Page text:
Originally Posted by Francesca Knowles
I hope you understood that the tow limit on my Sportage is higher than on yours, which I think you gave as 1500 pounds. The first gen limit is 2,000 pounds, and I'm scrupulous not to exceed it. I like to think that's part of the reason it's lasted/served me so well!
I don't advocate nor would I ever recommend that anyone disregard limits imposed by the manufacturers of their vehicles....
Now if a half ton Toyota could tow the 155,000 lb Space Shuttle Endeavor, I figure my 1-Ton Silverado can tow 1/2 million lbs--I am looking around for something interesting to tow.
A Sportage can tow more than you think, and like a Toyota towing the Endeavor, much depends on the characteristics of the tow--terrain, distance, roads, tug and trailer.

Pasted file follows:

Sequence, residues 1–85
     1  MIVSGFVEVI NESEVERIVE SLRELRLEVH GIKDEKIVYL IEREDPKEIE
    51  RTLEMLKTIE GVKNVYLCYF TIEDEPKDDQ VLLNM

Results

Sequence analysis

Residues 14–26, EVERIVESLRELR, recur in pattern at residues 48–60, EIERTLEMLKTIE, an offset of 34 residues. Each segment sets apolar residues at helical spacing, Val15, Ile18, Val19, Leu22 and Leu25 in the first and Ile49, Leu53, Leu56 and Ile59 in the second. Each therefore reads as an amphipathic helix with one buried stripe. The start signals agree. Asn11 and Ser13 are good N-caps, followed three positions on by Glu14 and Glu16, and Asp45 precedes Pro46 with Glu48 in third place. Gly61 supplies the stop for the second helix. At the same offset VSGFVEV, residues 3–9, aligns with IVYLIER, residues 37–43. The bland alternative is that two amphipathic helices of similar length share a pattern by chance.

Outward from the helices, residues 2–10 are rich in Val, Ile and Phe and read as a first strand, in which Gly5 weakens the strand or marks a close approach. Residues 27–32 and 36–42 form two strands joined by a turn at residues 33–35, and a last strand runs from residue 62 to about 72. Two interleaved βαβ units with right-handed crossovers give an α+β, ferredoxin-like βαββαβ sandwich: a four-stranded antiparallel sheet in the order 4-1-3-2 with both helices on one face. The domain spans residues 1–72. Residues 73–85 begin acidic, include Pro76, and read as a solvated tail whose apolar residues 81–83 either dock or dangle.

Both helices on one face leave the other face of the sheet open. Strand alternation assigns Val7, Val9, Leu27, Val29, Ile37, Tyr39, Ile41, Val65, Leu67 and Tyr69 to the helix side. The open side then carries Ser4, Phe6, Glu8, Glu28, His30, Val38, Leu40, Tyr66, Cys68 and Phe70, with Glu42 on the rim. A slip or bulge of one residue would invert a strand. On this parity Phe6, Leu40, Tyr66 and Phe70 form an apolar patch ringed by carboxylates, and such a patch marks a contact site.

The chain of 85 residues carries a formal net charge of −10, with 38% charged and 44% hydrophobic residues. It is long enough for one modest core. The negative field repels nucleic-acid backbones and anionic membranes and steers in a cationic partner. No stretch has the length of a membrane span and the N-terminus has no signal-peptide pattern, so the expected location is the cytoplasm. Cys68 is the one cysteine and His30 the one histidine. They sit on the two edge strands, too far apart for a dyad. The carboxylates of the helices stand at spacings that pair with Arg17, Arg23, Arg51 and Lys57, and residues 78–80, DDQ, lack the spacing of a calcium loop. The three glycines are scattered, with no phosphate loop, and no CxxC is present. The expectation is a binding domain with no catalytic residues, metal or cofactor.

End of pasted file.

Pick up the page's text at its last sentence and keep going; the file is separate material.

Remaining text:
Manufacturer recommendations don't account for modifications to the tug, hitch, or tow. Or driver ability.
You have surely noticed that speed limits don't vary between uphill and down hill. I can mathematically prove that if driving at the sane speed, you can stop quicker traveling uphill than on flat terrain, or downhill...yet the speed limits do not increase for uphill or decrease for downhill.
These are posted limits and manufacturers recommendations are important but they are for a wide range of conditions. Should they be the same for someone living in Florida and someone living in the mountains? I don't think so.
What about gearing? Say you don't use your top gear overdrive...that is common. What if you don't use the next highest gear and avoid highways?
While I don't generally advocate exceeding manufacturers recommendations, I might if I beefed up my suspension, recently serviced my brakes
, reinforced my hitch, and used trailer brakes
even when not required.